Photos of Fidel Castro meeting with a United States congressional delegation last month show the former Cuban president wearing lapel flag pins from both Cuba and the United States.
Now at Havana's Jose Marti Airport, planeload after planeload of Cuban Americans enter the country to visit relatives.
Obama said in a speech last month at the Summit of the Americas in Trinidad that the United States is seeking a new beginning with Cuba, but the president also called on the communist regime to release political prisoners and embrace democratic freedoms.
Fidel Castro, wearing an American and Cuban flag pin on his lapel, with Rep. Laura Richardson (D-Calif.) Photo courtesy of Rep. Laura Richardson's office.
Many former critics say they now realize that the U.S. government's five-decade isolation of Cuba has produced few results -- the Castros still have a lock on power -- so maybe it's time for a new approach.
Today's May Day celebration in Cuba is unlikely to emphasize any improvement in U.S.-Cuban relations.
Raul Castro said Wednesday at a Non-Aligned Movement meeting that "Cuba is not the one that needs to make gestures."
Cuban President Raul Castro, Fidel Castro's brother, with Rep. Laura Richardson (D-Calif.) Photo courtesy of Rep. Laura Richardson's office.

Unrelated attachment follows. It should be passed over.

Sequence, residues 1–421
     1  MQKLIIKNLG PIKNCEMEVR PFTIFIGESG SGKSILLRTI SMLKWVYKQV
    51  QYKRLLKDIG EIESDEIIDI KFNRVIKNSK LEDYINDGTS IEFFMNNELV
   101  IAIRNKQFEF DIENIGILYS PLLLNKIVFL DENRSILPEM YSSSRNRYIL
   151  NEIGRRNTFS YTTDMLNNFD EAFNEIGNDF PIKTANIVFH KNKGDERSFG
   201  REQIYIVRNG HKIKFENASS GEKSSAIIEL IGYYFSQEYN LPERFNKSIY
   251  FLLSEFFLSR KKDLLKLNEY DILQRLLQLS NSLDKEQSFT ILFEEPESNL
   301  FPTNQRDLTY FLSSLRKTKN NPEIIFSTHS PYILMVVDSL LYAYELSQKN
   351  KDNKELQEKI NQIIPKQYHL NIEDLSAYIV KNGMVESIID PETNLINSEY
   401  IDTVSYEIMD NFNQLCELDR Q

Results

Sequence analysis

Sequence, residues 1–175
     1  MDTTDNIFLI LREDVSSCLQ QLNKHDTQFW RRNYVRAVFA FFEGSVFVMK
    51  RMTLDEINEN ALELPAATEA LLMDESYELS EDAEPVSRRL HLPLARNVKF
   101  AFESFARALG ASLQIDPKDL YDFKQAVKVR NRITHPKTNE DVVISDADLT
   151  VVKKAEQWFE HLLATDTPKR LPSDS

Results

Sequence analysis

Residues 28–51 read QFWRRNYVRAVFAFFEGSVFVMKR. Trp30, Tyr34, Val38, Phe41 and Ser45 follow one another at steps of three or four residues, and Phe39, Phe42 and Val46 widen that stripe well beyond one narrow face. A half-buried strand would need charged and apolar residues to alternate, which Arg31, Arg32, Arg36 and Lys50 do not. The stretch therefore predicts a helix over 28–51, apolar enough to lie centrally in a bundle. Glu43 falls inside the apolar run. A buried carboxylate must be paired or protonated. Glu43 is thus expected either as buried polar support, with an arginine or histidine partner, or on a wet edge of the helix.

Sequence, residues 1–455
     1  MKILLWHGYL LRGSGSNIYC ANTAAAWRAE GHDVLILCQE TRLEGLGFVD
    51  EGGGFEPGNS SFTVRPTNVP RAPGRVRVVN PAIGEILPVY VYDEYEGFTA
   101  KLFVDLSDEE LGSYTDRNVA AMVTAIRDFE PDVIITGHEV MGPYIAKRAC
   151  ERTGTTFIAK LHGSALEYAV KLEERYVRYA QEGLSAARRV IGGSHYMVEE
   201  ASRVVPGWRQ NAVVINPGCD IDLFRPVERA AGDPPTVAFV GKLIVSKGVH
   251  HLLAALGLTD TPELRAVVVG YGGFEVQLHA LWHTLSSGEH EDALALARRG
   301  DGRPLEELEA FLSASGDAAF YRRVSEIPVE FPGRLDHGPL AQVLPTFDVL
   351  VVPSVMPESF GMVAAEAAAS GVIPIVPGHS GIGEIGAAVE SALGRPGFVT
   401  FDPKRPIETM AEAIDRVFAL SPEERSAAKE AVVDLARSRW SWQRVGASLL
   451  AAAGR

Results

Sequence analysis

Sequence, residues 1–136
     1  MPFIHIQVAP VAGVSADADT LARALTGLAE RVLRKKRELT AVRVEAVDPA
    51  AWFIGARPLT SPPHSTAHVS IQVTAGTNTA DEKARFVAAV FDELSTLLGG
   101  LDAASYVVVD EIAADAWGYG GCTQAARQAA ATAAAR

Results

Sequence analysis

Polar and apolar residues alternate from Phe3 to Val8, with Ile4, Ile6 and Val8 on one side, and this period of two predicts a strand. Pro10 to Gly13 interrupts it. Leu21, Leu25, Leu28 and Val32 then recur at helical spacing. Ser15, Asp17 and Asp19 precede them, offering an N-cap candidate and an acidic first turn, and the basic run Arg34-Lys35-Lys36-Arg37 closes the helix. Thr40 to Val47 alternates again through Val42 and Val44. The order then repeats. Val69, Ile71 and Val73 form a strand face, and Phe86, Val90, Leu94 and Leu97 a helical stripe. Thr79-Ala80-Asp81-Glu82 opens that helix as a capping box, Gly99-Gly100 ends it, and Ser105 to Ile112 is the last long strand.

Americans like Francisco Rodriguez are thrilled they can now visit and send money to relatives in Cuba.
"I would love for U.S. and Cuba to work together as a family," Rodriguez said. "We have been all waiting for that."
And many others agree. A new ABC News/Washington Post poll shows 66 percent of Americans believe the United States should establish diplomatic relations with Cuba. Fidel Castro's unprecedented gesture, though, indicates there's a good chance that would happen.
Fidel Castro, seated right, talks to Calif. Rep. Laura Richardson and other members of the Congressional delegation that visited Cuba. Photo courtesy of Rep. Laura Richardson's office.
The Associated Press contributed to this report.